Smart Grid: Getting (Even More) Heated
- Sunday, 01 May 2011
Very few would contest the potential benefits of Smart Grid, but the topic has always been a little … heated. Why? Perhaps the number of stakeholders involved -- surely, any time you sit consumers, policymakers, utilities, technologists, and environmentalists at the same table, you’re bound to get some friction.
Very few initiatives involve as many players as Smart Grid, and while obstacles prevail on our road to progress, we’ve witnessed some successes. As I sit here now, I am thinking about some of the challenges we’ll need to overcome -- as an industry -- to ensure Smart Grid success:
- The consumer concerns over health, privacy and fairness - Whether it’s concerns over the health consequences of radio frequency, fear over loss of personal data, or worry that Smart Grid will be a disadvantage to those less fortunate, groups of consumers and consumer advocates across the U.S. are resisting Smart Grid deployments nationwide.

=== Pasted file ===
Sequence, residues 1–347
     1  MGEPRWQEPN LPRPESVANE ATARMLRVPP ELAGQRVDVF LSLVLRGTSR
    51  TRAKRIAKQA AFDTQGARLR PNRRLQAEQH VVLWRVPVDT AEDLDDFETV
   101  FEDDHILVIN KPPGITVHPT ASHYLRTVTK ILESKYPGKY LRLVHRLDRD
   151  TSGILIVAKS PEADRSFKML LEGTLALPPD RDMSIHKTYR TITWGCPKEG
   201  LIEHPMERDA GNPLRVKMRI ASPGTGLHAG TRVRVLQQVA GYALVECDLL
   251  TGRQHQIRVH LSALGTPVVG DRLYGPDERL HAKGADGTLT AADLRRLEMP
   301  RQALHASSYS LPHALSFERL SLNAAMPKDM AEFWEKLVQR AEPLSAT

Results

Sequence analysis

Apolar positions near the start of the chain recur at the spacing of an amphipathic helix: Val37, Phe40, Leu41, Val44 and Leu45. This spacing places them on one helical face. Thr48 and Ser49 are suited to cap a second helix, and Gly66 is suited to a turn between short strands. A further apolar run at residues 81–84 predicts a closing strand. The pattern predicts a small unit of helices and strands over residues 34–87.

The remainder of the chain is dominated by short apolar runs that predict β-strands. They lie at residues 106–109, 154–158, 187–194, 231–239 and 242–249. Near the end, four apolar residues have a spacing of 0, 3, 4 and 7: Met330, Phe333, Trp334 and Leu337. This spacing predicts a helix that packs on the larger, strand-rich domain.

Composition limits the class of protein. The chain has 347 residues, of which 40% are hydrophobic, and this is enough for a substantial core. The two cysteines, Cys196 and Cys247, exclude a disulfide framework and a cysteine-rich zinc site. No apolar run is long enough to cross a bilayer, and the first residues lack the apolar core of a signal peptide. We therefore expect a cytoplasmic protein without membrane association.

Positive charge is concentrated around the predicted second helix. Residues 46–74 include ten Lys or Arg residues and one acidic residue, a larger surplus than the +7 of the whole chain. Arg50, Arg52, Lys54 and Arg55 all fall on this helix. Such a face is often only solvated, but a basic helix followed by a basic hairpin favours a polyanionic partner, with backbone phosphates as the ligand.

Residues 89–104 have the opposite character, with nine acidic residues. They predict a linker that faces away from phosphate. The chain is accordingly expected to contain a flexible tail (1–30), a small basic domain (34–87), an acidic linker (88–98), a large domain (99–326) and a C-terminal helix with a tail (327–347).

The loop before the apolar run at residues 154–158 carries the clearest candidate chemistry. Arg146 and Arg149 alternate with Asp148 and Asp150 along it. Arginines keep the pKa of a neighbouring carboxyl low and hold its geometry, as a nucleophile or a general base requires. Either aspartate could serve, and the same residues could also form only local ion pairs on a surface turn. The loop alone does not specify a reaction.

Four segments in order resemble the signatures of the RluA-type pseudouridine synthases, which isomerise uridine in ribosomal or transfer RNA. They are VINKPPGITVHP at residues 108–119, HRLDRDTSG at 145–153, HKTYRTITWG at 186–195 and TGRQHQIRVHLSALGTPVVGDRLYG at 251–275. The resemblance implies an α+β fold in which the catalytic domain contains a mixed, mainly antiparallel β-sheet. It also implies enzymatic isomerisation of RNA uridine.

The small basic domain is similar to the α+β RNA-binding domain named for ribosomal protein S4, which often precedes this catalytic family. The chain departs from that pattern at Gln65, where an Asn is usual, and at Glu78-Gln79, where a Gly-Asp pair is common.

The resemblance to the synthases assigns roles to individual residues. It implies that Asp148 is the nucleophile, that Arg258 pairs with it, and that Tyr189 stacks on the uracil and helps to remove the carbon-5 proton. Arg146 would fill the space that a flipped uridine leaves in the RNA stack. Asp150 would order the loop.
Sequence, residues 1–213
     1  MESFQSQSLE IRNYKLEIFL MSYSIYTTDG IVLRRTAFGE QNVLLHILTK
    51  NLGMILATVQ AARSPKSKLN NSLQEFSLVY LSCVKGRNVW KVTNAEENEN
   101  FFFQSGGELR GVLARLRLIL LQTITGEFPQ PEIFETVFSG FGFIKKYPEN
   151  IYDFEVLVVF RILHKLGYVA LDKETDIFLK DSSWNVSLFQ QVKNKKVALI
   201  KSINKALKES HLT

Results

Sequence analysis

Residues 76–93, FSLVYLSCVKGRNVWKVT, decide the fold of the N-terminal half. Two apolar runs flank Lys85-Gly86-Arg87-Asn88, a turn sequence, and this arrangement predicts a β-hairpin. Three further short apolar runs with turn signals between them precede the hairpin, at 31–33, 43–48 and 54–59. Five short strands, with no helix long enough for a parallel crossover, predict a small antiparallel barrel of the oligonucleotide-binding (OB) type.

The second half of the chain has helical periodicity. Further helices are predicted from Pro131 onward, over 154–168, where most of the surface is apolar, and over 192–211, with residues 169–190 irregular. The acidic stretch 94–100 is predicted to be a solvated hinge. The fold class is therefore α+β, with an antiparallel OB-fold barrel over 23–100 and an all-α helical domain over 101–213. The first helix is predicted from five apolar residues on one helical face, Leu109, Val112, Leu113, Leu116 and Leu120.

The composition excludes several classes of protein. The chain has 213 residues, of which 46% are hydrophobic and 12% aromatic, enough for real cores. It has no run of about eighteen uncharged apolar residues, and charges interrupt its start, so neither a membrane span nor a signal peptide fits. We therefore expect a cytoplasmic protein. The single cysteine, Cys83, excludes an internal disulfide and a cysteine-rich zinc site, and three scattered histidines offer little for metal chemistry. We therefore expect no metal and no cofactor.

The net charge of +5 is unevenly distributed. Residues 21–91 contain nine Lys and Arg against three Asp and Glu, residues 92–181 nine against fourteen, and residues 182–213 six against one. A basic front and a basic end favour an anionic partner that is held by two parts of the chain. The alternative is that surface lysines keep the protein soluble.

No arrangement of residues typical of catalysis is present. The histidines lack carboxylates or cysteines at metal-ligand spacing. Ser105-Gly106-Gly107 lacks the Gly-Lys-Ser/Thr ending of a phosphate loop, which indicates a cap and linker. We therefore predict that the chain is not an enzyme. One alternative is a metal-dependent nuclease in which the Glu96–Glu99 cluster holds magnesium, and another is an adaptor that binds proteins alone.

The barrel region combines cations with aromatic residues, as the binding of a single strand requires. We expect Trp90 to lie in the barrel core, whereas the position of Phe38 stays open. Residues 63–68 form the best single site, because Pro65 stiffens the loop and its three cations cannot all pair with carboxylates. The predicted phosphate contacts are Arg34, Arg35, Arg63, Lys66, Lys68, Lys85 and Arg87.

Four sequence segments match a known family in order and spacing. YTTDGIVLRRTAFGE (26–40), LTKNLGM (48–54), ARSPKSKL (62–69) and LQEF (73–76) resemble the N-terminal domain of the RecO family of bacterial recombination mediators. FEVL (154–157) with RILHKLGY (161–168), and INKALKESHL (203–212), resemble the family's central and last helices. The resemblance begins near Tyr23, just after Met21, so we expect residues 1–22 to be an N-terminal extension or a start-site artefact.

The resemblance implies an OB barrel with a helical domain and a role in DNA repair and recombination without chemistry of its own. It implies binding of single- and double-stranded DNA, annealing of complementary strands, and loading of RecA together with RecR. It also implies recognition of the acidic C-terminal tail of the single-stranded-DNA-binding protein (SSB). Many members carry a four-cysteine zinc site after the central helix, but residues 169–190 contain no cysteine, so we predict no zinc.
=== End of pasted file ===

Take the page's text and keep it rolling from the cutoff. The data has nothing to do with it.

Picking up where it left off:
- Moving ahead with demand response (DR) - While much of the industry applauded FERC’s recent ruling to place the same value on “negawatts” avoided as on “megawatts” generated, we’re now seeing a variety of industry groups challenge the methods FERC is proposing to enable DR. With DR as such a critical component of Smart Grid -- on both sides of the meter -- how do we reach consensus?
- Enabling Smart Grid innovation - Of all the Smart Grid topics, none stand out more than the ability for Smart Grid to enable innovation – both on the grid side, and more importantly, on the consumption side. While we’ve seen an influx of new technologies within the traditional energy space, there is room for fresh thinking – for new entrepreneurs to enter from a different perspective and create what the industry has often called “the killer app.” If we think...